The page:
A state of emergency has been declared at six reactors where cooling systems and backup generators failed following Friday’s twin disasters.

More than 180,000 people have been evacuated from areas around the plant and 160 were reported to have suffered radiation exposure.

<Japan – earthquake 2011 – 8.9 – WOW!>

 

U.S. officials said 17 American military personnel involved in helicopter rescue missions were exposed to low levels of radiation.

Meanwhile, a tide of bodies washed up along the coast of Miyagi Prefecture, one of the hardest hit by the towering tsunami wave.

The official death toll has risen to 10,000, but is expected to climb.

Officials in one town said they were running out of body bags.

“We have requested funeral homes across the nation to send us many body bags and coffins. But we simply don’t have enough,” said Hajime Sato, an official in Iwate Prefecture, which was also heavily hit.

In the city of Soma, the crematorium was unable to handle the crush of bodies being brought for funerals.

“We have already begun cremations, but we can only handle 18 a day. We are overwhelmed and are asking other cities to help us deal with bodies,” said Katsuhiko Abe.

Millions of survivors were forced to cope without water, food or heating in near freezing temperatures, as rescue crews struggled with the scope of the disaster.

“People are surviving on little food and water. Things are simply not coming,” said Sato.

Aftershocks continued to rock the country, with a 6.2-magnitude quake Monday triggering a second tsunami scare.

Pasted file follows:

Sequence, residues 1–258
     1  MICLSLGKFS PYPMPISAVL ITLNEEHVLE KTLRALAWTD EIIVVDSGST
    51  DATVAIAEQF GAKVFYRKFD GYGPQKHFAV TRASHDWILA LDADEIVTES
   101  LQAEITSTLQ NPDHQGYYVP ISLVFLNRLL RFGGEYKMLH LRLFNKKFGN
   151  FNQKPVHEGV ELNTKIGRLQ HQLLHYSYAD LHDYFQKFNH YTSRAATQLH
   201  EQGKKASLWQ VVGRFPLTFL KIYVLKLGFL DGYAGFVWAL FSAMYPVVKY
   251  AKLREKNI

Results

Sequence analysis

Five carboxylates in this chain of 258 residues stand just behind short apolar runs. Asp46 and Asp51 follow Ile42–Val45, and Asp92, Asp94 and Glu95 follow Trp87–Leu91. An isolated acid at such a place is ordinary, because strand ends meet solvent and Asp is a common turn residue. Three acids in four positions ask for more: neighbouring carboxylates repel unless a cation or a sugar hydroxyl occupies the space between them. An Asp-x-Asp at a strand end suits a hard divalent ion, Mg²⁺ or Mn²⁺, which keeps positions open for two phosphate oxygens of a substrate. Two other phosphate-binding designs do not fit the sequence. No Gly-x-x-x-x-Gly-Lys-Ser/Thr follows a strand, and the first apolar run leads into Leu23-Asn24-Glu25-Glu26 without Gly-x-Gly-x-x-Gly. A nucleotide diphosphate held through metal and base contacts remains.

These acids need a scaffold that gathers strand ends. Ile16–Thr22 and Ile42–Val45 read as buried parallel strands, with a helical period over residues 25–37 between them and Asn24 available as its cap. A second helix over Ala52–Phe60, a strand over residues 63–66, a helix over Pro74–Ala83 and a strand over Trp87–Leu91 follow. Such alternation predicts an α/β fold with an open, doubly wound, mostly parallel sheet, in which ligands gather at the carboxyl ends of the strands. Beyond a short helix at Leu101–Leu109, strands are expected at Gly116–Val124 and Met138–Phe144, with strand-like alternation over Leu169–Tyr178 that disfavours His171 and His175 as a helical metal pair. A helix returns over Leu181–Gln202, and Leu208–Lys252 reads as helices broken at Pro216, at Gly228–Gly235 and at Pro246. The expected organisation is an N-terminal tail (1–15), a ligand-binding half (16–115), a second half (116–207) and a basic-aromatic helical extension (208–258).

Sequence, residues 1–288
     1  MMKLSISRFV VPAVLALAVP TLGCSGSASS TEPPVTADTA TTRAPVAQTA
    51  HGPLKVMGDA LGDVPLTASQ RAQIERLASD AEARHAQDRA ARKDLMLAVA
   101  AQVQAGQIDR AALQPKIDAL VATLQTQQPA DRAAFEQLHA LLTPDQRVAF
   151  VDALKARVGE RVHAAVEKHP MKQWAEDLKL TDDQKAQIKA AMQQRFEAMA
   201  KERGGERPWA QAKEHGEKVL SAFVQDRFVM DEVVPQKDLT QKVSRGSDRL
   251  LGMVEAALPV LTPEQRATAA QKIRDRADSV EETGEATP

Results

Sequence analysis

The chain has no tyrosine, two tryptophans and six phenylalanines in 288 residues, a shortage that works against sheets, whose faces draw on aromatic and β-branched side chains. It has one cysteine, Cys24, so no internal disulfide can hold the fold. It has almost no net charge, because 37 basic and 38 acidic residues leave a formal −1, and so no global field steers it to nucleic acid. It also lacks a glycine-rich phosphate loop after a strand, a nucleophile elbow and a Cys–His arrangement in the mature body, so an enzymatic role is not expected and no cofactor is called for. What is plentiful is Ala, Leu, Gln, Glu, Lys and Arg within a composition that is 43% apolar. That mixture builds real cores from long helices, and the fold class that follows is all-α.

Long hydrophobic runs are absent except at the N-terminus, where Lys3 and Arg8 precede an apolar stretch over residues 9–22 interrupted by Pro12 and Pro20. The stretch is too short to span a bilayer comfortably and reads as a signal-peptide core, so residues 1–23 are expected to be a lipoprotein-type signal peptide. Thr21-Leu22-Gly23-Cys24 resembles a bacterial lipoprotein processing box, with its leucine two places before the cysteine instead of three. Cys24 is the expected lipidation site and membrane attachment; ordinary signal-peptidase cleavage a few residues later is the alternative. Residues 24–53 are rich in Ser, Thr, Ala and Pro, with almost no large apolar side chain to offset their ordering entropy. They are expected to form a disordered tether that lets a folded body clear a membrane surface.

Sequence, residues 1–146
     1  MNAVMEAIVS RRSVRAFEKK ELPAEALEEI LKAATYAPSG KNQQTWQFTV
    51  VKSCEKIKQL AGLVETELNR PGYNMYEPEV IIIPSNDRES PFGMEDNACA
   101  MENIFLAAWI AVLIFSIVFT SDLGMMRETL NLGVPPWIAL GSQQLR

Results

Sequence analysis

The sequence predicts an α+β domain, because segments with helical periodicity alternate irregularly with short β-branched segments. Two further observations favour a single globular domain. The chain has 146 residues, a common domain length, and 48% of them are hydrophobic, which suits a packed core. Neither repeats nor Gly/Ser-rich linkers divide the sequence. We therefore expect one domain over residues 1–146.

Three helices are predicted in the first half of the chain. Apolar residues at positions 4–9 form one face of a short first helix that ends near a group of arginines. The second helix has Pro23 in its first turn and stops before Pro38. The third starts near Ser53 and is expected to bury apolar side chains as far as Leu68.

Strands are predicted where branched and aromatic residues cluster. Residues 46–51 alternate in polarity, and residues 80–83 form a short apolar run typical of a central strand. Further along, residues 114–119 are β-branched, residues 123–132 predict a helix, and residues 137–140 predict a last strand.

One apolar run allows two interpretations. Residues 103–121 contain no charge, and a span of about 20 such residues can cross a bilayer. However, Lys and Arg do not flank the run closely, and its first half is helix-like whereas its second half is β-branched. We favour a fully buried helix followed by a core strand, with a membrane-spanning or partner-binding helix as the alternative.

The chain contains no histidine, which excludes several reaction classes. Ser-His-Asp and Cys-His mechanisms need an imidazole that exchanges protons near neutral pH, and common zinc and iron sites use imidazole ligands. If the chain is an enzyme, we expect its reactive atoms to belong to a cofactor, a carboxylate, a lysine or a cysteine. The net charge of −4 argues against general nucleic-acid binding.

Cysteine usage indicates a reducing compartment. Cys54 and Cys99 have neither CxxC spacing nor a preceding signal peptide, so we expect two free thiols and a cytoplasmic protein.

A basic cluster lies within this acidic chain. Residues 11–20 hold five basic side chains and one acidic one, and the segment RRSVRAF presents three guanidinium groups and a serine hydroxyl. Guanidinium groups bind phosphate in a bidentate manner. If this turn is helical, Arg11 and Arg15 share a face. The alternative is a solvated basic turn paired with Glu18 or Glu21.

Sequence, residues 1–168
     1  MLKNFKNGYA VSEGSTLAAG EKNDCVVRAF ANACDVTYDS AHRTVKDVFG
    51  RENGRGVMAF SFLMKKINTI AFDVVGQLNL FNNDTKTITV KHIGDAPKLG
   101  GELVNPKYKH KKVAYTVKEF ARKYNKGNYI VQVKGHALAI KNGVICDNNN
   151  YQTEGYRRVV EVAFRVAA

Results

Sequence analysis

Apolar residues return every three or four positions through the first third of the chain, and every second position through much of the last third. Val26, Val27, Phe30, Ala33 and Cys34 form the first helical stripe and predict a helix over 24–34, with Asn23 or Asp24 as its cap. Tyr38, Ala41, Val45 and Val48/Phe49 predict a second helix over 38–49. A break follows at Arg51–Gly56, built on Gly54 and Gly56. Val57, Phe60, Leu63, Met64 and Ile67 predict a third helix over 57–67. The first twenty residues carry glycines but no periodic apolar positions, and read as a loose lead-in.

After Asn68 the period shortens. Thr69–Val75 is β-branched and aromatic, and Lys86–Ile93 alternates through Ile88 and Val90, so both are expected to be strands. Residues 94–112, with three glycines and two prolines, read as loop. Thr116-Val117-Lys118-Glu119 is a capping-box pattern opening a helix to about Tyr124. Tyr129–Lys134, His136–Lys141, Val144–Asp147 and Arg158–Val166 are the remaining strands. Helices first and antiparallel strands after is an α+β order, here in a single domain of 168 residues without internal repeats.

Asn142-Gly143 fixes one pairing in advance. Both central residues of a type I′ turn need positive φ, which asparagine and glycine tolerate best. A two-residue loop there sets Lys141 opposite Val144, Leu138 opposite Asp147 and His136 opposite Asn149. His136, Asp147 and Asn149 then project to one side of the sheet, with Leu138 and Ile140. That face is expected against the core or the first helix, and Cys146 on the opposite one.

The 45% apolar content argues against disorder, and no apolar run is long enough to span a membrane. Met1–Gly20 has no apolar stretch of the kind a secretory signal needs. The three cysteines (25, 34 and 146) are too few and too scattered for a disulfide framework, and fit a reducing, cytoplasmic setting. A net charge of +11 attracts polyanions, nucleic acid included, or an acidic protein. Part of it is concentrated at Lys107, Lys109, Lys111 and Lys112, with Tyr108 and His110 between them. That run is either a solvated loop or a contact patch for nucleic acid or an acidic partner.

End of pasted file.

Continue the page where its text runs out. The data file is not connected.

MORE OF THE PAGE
“I’m giving up hope,” said Hajime Watanabe, a 38-year-old construction worker lining up for gasoline in Sendai. “I had a good life before. Now we have nothing. No gas, no electricity, no water.”

The Japanese stock market plunged a dramatic 6% Monday, its first day opening since the disaster, on the likelihood of huge losses at Japanese industrial giants.

With News Wire Services

http://www.nydailynews.com/news/world/2011/03/14/2011-03-14_nuclear_reactor_in_japan_suffers_2nd_explosion_death_toll_could_pass_10000.html#ixzz1GaYr7eMo

Japan

Reactor Location Type Rating, MWe Status Operator
Fukushima I-1 Futaba, Fukushima BWR 439 Shutdown March 2011 東京電力 – TEPCO
Fukushima I-2 BWR 760 Shutdown March 2011 東京電力 – TEPCO
Fukushima I-3 BWR 760 Shutdown March 2011 東京電力 – TEPCO
Fukushima I-4 BWR 760 Operational October 1978 東京電力 – TEPCO
Fukushima I-5 BWR 760 Operational April 1978 東京電力 – TEPCO
Fukushima I-6 BWR 1067 Operational October 1979 東京電力 – TEPCO
Fukushima II-1 Naraha, Fukushima BWR 1067 Operational April 1982 東京電力 – TEPCO
Fukushima II-2 BWR 1067 Operational February 1984 東京電力 – TEPCO
Fukushima II-3 BWR 1067 Operational June 1985 東京電力 – TEPCO
Fukushima II-4 BWR 1067 Operational August 1987 東京電力 – TEPCO
Genkai-1 Genkai, Saga PWR 529 Operational October 1975 九州電力 – Kyūshū Electric
Genkai-2 PWR 529 Operational March 1981 九州電力 – Kyūshū Electric
Genkai-3 PWR 1127 Operational March 1994 九州電力 – Kyūshū Electric
Genkai-4 PWR 1127 Operational July 1997 九州電力 – Kyūshū Electric
Hamaoka-1 Omaezaki, Shizuoka BWR 515 Operational March 1976 中部電力 – Chūbu Electric
Hamaoka-2 BWR 806 Operational November 1978 中部電力 – Chūbu Electric